Academic journal article Studies in Art Education

Lolita: Genealogy of a Cover Girl

Academic journal article Studies in Art Education

Lolita: Genealogy of a Cover Girl

Article excerpt

[Lolita] One of my all-time favorites... when I first encountered this edition I assumed our supposed Lolita's pose was flirtatious. One knee bends in front of the other-in almost a curtsy. She seems locked in some sort of stylized sexual demurral. However as time passes (and my reading of the text evolves) I begin to factor in the stark, ominous lighting, and the gaze of the photographer becomes threatening; the pose of the subject is one of real discomfiture. The knee crosses protectively. What seemed to me at first as "come hither" has evolved into "please don't." (Mendelsund, 2011, para. 7)

Like Mendelsund's comment above, this article brings new light to a stereotypical piece of visual culture: the covers of multiple editions of Lolita (Nabokov, 1958). Using discourse analysis (Rose, 2001), I considered 185 different Lolita covers and an additional 60 images from a book cover design contest that asked artists and designers to rerepresent the novel. This study, inspired and informed by previous research projects, generates insights into presentday cultural myths in general and the genealogy of "Lolita" myths in particular (Savage, 2009, 2011a, 2011b). As pedagogical practice, cultural myths and their sociohistorical underpinnings are ripe for student inquiry. This article illuminates how one novel and its long-misunderstood heroine have come to be represented through mythic visual narratives of girlhood "gone bad." Challenging and critiquing such narratives is important, Barthes (1973) argued, because "we reach here the very principle of myth: it transforms history into nature" (p. 129). This transformation, he suggested, does more than enable the concept of myth; it naturalizes it. Indeed, the eroticized girl seen so often in popular visual representations has been naturalized by contemporary culture (Bordo, 1998,1999; Durham, 2008; Levin & Kilbourne, 2008; Savage, 2009). This article encourages art educators and their students to question how culture perpetuates myth, and more specifically, why.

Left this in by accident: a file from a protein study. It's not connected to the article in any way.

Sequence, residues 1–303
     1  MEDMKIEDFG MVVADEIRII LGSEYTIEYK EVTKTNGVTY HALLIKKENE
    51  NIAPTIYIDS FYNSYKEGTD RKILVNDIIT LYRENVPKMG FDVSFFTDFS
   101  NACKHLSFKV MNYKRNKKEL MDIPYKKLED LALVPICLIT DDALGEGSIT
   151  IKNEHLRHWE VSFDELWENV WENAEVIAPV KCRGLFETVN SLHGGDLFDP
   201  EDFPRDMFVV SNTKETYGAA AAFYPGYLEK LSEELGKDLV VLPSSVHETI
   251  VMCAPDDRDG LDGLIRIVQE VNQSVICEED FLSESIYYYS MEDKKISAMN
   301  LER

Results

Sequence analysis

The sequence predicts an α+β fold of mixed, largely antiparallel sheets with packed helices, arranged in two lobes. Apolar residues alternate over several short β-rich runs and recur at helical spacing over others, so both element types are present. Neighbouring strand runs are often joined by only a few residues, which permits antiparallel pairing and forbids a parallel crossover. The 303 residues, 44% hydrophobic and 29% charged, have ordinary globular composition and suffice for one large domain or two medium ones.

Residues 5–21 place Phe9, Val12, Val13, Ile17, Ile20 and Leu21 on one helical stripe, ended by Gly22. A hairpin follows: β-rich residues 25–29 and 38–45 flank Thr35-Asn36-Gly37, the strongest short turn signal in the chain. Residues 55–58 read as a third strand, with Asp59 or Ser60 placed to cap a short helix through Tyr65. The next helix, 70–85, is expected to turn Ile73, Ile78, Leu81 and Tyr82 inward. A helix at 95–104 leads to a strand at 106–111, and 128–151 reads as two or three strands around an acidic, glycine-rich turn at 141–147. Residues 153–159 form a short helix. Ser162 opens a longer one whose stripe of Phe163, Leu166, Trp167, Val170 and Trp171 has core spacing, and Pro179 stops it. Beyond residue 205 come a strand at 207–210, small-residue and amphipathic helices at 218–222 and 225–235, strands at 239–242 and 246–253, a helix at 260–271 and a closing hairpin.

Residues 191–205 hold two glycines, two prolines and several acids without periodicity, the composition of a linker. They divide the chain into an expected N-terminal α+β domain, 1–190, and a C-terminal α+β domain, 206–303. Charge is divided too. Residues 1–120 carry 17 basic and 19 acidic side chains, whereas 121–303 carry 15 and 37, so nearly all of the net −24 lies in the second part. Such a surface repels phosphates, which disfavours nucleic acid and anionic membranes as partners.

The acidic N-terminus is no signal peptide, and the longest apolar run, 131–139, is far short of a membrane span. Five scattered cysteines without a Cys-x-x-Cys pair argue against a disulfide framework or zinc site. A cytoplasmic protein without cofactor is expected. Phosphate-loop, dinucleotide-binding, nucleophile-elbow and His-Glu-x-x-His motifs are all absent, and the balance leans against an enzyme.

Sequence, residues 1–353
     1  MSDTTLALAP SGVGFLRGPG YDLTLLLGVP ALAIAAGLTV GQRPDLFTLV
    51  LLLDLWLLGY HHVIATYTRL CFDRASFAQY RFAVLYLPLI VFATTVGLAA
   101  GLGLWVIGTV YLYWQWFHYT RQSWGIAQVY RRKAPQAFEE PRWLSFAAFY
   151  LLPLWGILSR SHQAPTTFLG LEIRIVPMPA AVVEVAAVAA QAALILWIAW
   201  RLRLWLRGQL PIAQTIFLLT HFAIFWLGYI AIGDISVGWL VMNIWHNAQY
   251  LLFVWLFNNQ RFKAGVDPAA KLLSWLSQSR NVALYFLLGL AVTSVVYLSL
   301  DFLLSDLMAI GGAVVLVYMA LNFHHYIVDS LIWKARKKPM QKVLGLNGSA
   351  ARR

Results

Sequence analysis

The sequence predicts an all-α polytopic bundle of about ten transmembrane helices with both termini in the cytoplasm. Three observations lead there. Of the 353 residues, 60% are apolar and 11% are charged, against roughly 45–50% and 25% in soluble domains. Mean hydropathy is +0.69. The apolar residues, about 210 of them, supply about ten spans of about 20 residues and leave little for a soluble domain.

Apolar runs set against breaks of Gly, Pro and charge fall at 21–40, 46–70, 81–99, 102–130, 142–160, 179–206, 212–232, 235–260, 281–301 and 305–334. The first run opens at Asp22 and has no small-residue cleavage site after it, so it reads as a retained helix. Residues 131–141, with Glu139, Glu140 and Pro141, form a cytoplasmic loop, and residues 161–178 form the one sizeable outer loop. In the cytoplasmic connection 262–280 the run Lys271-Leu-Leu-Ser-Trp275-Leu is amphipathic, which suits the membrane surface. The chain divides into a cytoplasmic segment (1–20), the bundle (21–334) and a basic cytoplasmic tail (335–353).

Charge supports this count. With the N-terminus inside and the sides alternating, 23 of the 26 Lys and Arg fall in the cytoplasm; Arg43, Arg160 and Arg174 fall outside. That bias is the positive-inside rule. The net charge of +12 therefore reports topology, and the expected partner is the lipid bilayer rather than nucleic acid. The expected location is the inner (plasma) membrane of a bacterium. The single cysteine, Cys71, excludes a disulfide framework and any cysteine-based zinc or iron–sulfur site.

Background

When Russian-born authorVladimir Nabokov first published the controversial novel Lolita (1958), he insisted there never be a girl featured on the cover of his book (Vickers, 2008, p. 8). For Nabokov, 12-year-old Dolores Haze-referred to as "Lolita" in the novel-was meant to be unveiled slowly. She existed in the margins, her voice rarely heard, her image a series of metered descriptive phrases that resist coming together into a cohesive form (Bouchet, 2005; Shute, 2003). The reader finds little about Dolores that causes empathy, though she was sexually molested starting at age 12. Not relatable, or even likable, her abuse has been somehow less important to the story than her blameworthiness (Bayma & Fine, 1996; Bordo, 2003; Savage, 2011 a). Nabokov argued that a girl should never appear on the cover of his book, but his edict was ignored.This study of 185 Lolita bookcovers1 published between 1958 and 2011 makes clear that publishers disregard of the author's request has continued to sell the mythic version of Lolita and her bad-girl reputation.

A book cover, originally used to protect the delicate pages, is most often used today to advertise paperback novels that are quickly bought, read, and often as quickly recycled. Covers attract attention, indicate the book's contents, and-most important in our fastpaced world-do so in an expedient manner. The original European printing of Lolita (1955), from Parisian publisher Olympia Press, carried no image and was a two-volume set (Appel & Newman, 1970). What the plain green cover did do, however, was alert United States Customs agents to its pornographic content as Olympia's Green Traveler series was well known as books with salient themes (Appel, 1991). Since the American publication of Lolita in 1958, the majority of Lolita book covers have used eroticized imagery to represent the same salient themes, often highlighting Lolita's blameworthiness (Savage, 2009). …

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